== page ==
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Alabama delegation, the Cotton States,-Alabama, CHAP. XIII. Mississippi, Louisiana, South Carolina, Florida,

tion, that decision must inevitably be against the South, and that either in direct favor of the Douglas doctrine, or by the indorsement of the Cincinnati platform, under which Douglas claims shelter for his principles." "The States-Rights men should present in that convention their demands for a decision, and they will obtain an indorsement of their demands, or a denial of these demands. If indorsed, we shall have greater hope of triumph within the Union. If denied, in my opinion, the States-Rights wing should secede from the convention, and appeal to the whole people of the South, without distinction of parties, and organize another convention upon the basis of their principles, and go into the election with a candidate nominated by it, as a grand constitutional party. But in the Presidential contest a black Republican may be elected. If this dire event should happen, in my opinion the only hope of safety for the South is in a withdrawal from the Union before he shall be inaugurated; before the sword and treasury of the Federal Government shall be placed in the keeping of that party. I would suggest that the several State legislatures should by law require the Governor, when it shall be made manifest that the black Republican candidate for the Presidency shall receive a majority of the electoral votes, to call a convention of the people of the State, to assemble in ample time to provide for their safety before the 4th of March, 1861. If, howVOL. II.-16

ever, a black Republican should not be elected, then, in pursuance of the policy of making this contest within the Union, we should initiate measures in Congress which should lead to a repeal of all the unconstitutional acts against slavery. If we should fail to obtain so just a system of legislation, then the South should seek her independence out of the Union."- Speech of W. L. Yancey, delivered at Columbia, S. C., July 8, 1859. Copied in The New York "Tribune," July 20, 1859.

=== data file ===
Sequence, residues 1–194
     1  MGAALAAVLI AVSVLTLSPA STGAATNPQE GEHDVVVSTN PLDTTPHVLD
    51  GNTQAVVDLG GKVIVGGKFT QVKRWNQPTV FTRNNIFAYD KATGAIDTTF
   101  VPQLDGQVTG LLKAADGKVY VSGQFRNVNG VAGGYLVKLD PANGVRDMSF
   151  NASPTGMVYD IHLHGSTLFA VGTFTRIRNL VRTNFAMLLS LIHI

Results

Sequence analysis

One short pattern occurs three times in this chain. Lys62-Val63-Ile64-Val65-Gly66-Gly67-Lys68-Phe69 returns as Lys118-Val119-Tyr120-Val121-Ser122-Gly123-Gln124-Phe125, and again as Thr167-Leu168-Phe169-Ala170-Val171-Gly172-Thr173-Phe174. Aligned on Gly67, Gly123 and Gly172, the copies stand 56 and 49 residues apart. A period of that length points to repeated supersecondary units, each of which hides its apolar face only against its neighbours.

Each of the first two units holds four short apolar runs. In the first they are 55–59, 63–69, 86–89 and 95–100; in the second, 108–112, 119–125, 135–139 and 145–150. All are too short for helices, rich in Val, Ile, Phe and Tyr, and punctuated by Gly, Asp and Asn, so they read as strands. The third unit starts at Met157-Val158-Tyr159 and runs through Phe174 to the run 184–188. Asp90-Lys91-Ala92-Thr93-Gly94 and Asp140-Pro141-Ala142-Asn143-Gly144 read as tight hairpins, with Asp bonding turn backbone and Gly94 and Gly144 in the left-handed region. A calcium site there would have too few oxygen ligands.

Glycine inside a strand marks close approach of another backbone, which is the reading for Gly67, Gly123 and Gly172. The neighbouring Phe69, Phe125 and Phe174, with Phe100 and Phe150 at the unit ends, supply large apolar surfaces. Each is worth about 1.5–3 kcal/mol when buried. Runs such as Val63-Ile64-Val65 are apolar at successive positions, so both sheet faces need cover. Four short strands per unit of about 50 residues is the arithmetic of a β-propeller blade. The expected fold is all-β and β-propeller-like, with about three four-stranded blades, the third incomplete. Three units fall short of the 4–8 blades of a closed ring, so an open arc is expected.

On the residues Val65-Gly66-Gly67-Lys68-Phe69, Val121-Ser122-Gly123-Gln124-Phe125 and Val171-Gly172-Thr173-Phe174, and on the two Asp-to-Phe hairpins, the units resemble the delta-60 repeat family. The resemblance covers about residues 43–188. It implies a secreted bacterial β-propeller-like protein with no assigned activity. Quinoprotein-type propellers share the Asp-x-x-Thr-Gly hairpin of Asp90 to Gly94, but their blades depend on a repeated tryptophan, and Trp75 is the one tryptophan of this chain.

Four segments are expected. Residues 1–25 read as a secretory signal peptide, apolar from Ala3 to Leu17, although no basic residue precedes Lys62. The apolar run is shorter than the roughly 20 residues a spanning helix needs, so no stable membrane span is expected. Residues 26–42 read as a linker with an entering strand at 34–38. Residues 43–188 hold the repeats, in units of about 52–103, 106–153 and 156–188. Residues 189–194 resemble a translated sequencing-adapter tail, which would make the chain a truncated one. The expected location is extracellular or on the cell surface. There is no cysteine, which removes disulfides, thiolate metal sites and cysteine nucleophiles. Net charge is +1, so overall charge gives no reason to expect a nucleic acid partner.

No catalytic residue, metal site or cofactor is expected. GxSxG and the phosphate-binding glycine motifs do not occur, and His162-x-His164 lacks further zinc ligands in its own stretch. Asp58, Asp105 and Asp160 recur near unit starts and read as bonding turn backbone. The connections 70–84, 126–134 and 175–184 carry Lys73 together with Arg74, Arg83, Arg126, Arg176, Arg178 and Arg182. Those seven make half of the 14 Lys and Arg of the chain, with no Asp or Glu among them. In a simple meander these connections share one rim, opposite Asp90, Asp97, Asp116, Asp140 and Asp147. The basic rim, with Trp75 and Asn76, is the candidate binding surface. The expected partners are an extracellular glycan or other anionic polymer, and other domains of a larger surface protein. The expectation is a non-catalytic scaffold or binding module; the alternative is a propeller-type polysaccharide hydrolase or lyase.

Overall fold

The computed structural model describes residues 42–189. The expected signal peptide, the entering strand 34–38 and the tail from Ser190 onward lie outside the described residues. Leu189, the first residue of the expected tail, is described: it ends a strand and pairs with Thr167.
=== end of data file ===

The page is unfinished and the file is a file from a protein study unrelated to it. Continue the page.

The corroboration and fulfillment of the plot here indicated are found in the official proceedings of the Alabama Convention and the Alabama Legislature. The convention on January 13, 1860, expressly instructed its delegation at Charleston to secede in case the ultra-Southern doctrines were not incorporated in the National Democratic platform, and sent Mr. Yancey as a delegate to execute their instructions, which he did as the text states.

The Alabama Legislature, on its part, passed a joint resolution, which the Governor approved, February 24, 1860, providing "that upon the election of a President advocating the principles and action of the party in the Northern States calling itself the Republican party," the Governor should forthwith call a convention of the State. This convention was duly called after the election of Mr. Lincoln, and passed the secession ordinance of Alabama.

CHAP. XIII. Texas, and Arkansas,-with protests and speeches, with all the formality and "solemnity" which the occasion allowed, seceded from the Charleston Convention, and withdrew from the deliberations in Institute Hall.

That same Monday night the city of Charleston expressed its satisfaction by a grand jubilee. Music, bonfires, and extravagant declamation held an excited crowd in Court-house Square till a late hour; and in a high-wrought peroration Yancey prophesied, with all the confidence and exultation of a triumphant conspirator, that "perhaps even now the pen of the historian is nibbed to write the story of a new revolution."




HOUGH the compact voting body of the South CHAP. XIV. had retired from the Charleston Convention,

her animating spirit yet remained in the numbers and determination of the anti-Douglas delegates. When on Tuesday morning, May 1, the eighth day, the convention once more met, the Douglas men, with a view to making the most of the dilemma, resolved to force the nomination of their favorite. But there was a lion in the path. Usage and tradition had consecrated the two-thirds rule. Charles E. Stuart, of Michigan, tried vainly to obtain the liberal interpretation, that this meant "two-thirds of the votes given," but Chairman Cushing ruled remorselessly against him, and at the instance of John R. Howard, of Tennessee, the convention voted (141 to 112) that no person should be declared nominated who did not receive twothirds of all the votes the full convention was entitled to cast.

This sealed the fate of Douglas. The Electoral College numbered 303; 202 votes therefore were necessary to a choice. Voting for candidates was begun, and continued throughout all the next day (Wednesday, May 2). Fifty-seven ballots were taken in all; Douglas received 145 on the first,

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